Like Belmondo in Breathless, Junior Frenger (Alec Baldwin) is a free-wheeling crook whose stylish chutzpah as a criminal and his tendency to invent his own identity as he proceeds are more matters of improvised play than of careful deliberation; unlike the Belmondo character, though, he is something of a borderline psycho who intermittently seems to believe some of his own lies. When he steps off the plane in Miami at the start of the picture, he steals a woman’s suitcase, and then later throws a pesky Hare Krishna to the floor. Somewhat later –after Junior has checked into a fancy hotel with a stolen credit card and ordered a hooker from the bellboy — we learn that he actually broke a finger of the Hare Krishna, who died of shock, and Hoke Moseley is already on his case.
Junior’s crime is every bit as gratuitous (if more inadvertent) as Belmondo’s killing of a cop at the beginning of Breathless, and the detective who tracks him down for the remainder of the picture is much more prominent than Daniel Boulanger’s Inspector Vital in Godard’s film (although he’s just as sleazy and methodical). The point isn’t that Miami Blues is consistently modeled after Breathless, but that the use of these loose archetypes and situations allows Miami Blues to pursue its own lively existential jaunt, which has a lot more to do with cops and what they signify than Godard’s movie.
Most of Junior’s subsequent criminal exploits consist of him impersonating Moseley — holding up criminals and making off with their stolen goods or money by using Moseley’s own badge and revolver — and his behavior often suggests that he’s more interested in the childish pleasure of playing cop than he is in the actual thefts. (Maybe it would be more precise to say that the roles of thief and cop become merged in his head, so that he can’t always tell them apart.) Junior’s glamorous, grandstanding fantasy about being someone like Moseley is contrasted throughout with the total unglamorousness of Moseley himself. It’s an ambiguity that the whole movie is structured around, and has a lot to do with what gives the movie its punch — suggesting that what “cop” means to this ex-con is just as mythical as what “criminal” means to a cop like Brennan in Q&A. For my money, this is just as serious and as provocative as the friendship between an old lady and her chauffeur.
The hooker (Jennifer Jason Leigh) ordered by Junior calls herself Pepper, but before long Junior has extracted her real name, Susie Waggoner, and gotten her to try on one of the fancy dresses in the stolen suitcase (he claims they belong to the wife he says he’s just left). A naive, good-natured country girl who’s working her way through college, she quickly warms to Junior’s style and falls for him without realizing that he’s a crook and an ex-con. Later in the day he meets Susie again in a restaurant, and by this time they’re a full-fledged romantic couple. He moves into her apartment, gets her to cash in her $10,000 certificate of deposit, and helps her write a haiku for her English class (a very Demme-like detail).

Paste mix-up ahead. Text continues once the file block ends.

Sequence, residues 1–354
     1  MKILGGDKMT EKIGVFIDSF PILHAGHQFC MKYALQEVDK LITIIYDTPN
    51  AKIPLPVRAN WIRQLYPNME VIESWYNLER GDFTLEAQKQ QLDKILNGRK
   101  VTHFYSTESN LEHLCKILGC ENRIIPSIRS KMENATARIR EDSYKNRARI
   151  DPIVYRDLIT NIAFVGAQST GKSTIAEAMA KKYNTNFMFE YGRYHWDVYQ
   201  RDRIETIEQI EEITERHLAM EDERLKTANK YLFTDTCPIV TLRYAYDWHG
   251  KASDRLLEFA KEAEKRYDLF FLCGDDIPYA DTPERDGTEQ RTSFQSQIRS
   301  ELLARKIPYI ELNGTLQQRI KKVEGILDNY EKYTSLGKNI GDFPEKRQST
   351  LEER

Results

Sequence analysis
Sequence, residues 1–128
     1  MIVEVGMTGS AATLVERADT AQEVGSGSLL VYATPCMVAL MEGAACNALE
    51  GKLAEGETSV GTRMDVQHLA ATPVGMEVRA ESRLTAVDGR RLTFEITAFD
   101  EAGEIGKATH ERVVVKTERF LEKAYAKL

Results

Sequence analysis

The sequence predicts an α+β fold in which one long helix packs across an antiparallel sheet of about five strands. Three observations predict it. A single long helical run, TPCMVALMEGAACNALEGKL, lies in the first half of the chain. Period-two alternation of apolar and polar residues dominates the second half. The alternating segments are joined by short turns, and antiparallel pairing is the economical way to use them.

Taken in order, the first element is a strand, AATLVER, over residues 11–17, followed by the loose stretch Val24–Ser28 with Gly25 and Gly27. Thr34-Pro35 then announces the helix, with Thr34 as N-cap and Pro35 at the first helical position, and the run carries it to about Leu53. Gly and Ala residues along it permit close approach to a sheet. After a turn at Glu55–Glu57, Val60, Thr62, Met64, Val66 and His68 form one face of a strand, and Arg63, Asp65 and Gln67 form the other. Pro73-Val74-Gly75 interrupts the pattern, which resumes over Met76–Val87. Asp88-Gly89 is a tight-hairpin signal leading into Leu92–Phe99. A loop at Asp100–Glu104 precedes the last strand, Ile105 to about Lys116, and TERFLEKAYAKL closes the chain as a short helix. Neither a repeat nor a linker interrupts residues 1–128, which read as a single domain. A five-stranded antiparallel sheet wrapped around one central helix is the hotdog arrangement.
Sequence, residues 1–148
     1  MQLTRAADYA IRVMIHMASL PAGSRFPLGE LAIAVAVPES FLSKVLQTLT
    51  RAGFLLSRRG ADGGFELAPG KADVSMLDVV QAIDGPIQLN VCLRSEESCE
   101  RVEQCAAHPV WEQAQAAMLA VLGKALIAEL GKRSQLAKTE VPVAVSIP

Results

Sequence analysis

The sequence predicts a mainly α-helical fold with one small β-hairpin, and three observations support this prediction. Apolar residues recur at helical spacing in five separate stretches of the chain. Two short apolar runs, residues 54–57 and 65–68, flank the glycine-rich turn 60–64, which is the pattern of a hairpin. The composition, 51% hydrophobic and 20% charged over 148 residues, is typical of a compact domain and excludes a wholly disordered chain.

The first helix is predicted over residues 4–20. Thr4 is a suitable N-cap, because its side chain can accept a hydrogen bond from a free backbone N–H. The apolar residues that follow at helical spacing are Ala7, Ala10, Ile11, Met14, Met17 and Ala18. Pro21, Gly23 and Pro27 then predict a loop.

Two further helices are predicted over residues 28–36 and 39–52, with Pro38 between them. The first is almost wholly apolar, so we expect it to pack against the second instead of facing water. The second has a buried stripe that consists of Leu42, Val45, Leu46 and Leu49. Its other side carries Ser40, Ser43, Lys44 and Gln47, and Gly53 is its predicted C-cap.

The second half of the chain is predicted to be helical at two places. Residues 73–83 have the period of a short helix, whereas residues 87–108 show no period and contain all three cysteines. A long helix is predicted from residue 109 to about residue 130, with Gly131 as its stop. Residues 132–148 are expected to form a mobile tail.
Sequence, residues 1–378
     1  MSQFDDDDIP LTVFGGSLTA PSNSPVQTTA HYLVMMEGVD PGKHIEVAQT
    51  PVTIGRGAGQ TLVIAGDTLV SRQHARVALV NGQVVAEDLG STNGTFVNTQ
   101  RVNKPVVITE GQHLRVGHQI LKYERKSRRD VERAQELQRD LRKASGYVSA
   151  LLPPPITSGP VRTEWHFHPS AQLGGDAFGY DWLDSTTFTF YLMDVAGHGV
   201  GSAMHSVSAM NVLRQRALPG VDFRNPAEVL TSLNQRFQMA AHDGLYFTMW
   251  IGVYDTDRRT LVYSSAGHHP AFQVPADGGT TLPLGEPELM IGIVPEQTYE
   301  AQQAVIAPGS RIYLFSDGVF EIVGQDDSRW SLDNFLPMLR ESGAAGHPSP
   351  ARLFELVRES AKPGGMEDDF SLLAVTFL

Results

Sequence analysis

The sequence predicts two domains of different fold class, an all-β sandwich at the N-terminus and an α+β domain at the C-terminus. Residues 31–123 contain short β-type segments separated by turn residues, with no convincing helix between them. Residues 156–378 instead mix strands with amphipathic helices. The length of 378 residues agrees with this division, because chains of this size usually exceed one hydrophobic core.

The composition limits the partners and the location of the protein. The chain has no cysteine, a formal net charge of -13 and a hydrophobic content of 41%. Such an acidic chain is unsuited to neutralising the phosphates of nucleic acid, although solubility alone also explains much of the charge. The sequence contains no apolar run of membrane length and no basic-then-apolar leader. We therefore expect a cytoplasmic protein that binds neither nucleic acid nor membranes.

Moseley tracks Junior down through his link with Susie, and winds up getting himself invited to dinner with the two of them. He has the rather disgusting habit of periodically taking out his loose dentures, and when Junior turns up at Moseley’s crummy hotel room the next day to beat him up and steal his gear, he makes a point of swiping Moseley’s dentures as well, just for spite — although he curiously leaves Moseley $80 as a token payment, a gesture that the film never satisfactorily accounts for. (It’s mainly the badge and gun that signify “cop” to Junior, but, as we gradually learn, it’s the dentures that matter most in spelling out Moseley’s identity; in classic doppelganger fashion, Moseley’s subsequent search for Junior is partially a quest to regain his dentures and with them his identity.)
Part of what makes Miami Blues so good is its perfectly controlled balance between the parts of the story focused on Junior and Moseley, each of which has a very different kind of wry humor, beautifully and economically spelled out by Armitage’s direction. (Moseley has no girlfriend of his own, but he is eventually teamed up with a Cuban cop named Ellita Sanchez — played by Nora Dunn — whose cool respectability rubs against his grittiness with as much friction as that produced by Susie’s domesticity and Junior’s restlessness.) Another part of what’s so good is the performances of the three leads; each one is perfectly measured and proportioned in relation to the film’s overall design, never sticking out or detracting from the others. (Baldwin has been getting most of the media attention, but Ward and Leigh are every bit as fine.) The whole movie is framed by the effective use of a pop single, Norman Greenbaum’s “Spirit in the Sky,” over the opening and closing credits, and the balance of elements between these two points lives up to the bookend symmetry.
One should also take note of this movie’s acute sense of place — which is every bit as confident as Lumet’s feeling for New York, and which even extends to the recounting of a couple of southern Florida recipes. (I suspect that Willeford’s novel has a lot to do with this, although the fact that Demme grew up in Miami undoubtedly helps.) The choice use of locations — shot by Tak Fujimoto with a nice feeling for light and ambience — gives some of the places that are used as much flavor as the characters. I’ve never been to Miami, but I strongly suspect that Miami Blues has more to tell me about that city than Driving Miss Daisy has to say — to me or anybody else — about Atlanta.